After a vicious battle for Kharkiv: debris, a stuck rocket and artillery boom.
KHARKIV, Ukraine — Ukraine’s military was fighting a fierce battle to push back Russian forces from Kharkiv, Ukraine’s second-largest city, on Friday, a day after a vicious battle that burned down a highway leading to the city. At least one body with and on the carrier.
In the shadow of giant blue and yellow letters spelling Kharkiv, army carriers were stopped at the entrance to the city. Nearby, the body of a Russian soldier, dressed in a green uniform, lay by the side of the road, wrapped in a light layer of snow that had fallen overnight.
Troops sent to capture the position had few details of the fighting, saying only that it happened on Thursday morning, with Russian President Vladimir V. Soon after Putin ordered the attack.
“Putin wants us to throw down our weapons,” said a Ukrainian soldier named Andrei, stationed in the ditch, hurriedly dug into the black soil by the side of the road. “I think we can act smarter, assemble our army and launch a counterattack.”
Far in the distance but close enough to be felt, artillery shells were booming. The Russian army, which pushed to the border on Thursday from its staging area near Belgorod, about 40 miles from Kharkiv, has turned mighty north of the city. It was unclear where else they would proceed.
Most of the fighting was taking place near a village called Tsarkuni, a few miles outside the city limits. Military and civilian casualties as a result of the fighting were unclear, but on Friday local police said a 14-year-old boy He was killed in a village near Kharkiv when a bullet was fired near his house. But the attacks sometimes get close enough to the city, triggering panic screams from pedestrians, forcing them to hide in subway stations.
While Russian officials have said their forces were attempting to escape from civilian areas, the body of a Smerch rocket, fired by Russian forces by Ukrainian authorities, stuck vertically in the middle of the road outside the National Guard headquarters. went. A few kilometers away, the tail section of the rocket was buried in the asphalt in front of the onion-domed Orthodox Church.
A team of emergency services officers wearing jackets and helmets were trying to get the tail off the sidewalk, but were having trouble. A team member stated that the tail and body were separate stages of the rocket, possibly as an explosive ordinance that was hurled toward its target near the front lines.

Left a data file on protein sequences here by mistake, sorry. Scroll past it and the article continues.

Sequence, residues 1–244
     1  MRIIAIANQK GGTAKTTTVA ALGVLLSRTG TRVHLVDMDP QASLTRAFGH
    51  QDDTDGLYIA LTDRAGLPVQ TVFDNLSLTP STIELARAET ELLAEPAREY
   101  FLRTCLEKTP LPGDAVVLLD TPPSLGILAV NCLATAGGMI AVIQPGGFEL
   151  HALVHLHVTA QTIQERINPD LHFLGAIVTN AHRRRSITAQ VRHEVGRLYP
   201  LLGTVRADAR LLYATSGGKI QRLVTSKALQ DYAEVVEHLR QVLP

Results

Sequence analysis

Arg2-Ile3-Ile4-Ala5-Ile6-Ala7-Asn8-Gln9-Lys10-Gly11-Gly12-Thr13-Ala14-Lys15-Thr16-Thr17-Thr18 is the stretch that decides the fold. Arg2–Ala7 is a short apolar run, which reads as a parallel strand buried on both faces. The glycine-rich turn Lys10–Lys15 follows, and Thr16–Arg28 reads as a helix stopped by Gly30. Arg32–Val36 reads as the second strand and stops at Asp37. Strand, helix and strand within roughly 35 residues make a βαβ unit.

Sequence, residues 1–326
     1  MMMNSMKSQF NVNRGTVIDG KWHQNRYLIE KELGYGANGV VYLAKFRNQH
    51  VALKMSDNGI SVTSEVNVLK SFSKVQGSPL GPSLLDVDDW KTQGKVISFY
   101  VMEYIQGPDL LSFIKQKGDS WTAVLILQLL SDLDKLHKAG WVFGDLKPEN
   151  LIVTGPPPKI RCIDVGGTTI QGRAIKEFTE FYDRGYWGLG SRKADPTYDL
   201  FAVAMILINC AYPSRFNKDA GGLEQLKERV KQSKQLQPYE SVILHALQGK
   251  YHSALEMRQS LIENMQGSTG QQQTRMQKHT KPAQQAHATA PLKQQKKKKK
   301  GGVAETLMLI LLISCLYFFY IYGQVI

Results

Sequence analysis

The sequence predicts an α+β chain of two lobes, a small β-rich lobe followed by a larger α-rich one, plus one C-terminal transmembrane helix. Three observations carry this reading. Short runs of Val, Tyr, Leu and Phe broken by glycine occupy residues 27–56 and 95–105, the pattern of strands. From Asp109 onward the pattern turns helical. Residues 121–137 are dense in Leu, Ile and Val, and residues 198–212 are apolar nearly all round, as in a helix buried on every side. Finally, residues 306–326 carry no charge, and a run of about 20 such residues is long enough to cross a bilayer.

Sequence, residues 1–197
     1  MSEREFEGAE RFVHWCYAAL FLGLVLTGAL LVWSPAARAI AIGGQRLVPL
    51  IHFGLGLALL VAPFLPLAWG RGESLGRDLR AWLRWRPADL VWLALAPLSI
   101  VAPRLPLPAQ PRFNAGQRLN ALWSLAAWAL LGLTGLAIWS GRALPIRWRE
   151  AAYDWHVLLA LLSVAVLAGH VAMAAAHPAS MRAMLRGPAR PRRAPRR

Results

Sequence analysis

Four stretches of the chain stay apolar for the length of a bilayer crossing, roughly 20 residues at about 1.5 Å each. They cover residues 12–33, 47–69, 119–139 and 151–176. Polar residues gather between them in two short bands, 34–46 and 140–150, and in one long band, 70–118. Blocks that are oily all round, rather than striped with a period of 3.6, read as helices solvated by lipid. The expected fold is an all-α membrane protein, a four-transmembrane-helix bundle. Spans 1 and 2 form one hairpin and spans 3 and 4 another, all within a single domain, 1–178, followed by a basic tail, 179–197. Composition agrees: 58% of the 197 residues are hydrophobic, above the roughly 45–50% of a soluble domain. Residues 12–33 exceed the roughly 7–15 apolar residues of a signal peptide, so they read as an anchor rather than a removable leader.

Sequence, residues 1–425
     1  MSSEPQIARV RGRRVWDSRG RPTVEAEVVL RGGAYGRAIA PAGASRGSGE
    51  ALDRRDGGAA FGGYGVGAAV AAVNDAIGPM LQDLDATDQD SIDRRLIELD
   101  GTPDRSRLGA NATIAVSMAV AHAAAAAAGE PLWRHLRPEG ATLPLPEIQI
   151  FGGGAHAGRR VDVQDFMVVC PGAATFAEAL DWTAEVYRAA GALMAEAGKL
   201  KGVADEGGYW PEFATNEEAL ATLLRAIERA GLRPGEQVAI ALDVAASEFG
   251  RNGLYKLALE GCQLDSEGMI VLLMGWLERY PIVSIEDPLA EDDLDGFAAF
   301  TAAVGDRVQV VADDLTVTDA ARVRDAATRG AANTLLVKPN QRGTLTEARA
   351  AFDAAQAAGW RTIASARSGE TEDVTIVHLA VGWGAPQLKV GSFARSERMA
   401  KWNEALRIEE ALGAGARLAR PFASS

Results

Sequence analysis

“That’s 200kg of metal,” said the emergency officer, pointing to the rocket’s story. “It could fall off a building or hit people.”
Understand Russia’s attack on Ukraine
What is at the root of this attack? Russia considers Ukraine to be within its natural sphere of influence, and it has been alarmed by Ukraine’s proximity to the West and the possibility of the country joining NATO or the European Union. While Ukraine is part of neither, it receives financial and military aid from the United States and Europe.
Even though the barrage of artillery intensified, not everyone was ready to hide. Roman Balkaliev was wearing camouflage, with a double-barreled shotgun hanging over his shoulder as he marched towards the source of the artillery boom on the outskirts of Kharkiv.
“I live here, this is my house. I’m going to defend it,” said Mr. Balakaliev, who also took out a large knife, which he had tied to his back as if to show it. “I don’t think Russians understand me like I understand them.”
After a while, Mr. Balakaliev reached the edge of the city, where Ukrainian troops were surrounded by abandoned Russian military transports. They watched as he passed by. No one stepped forward to stop him. One soldier said: “Victory intent.”
Mr. Balakaliev, with his eyes fixed and his gun ready, took to the road in the direction of the boom and saw a tall billboard that read: “Protect the Future: Ukraine-NATO-Europe.”
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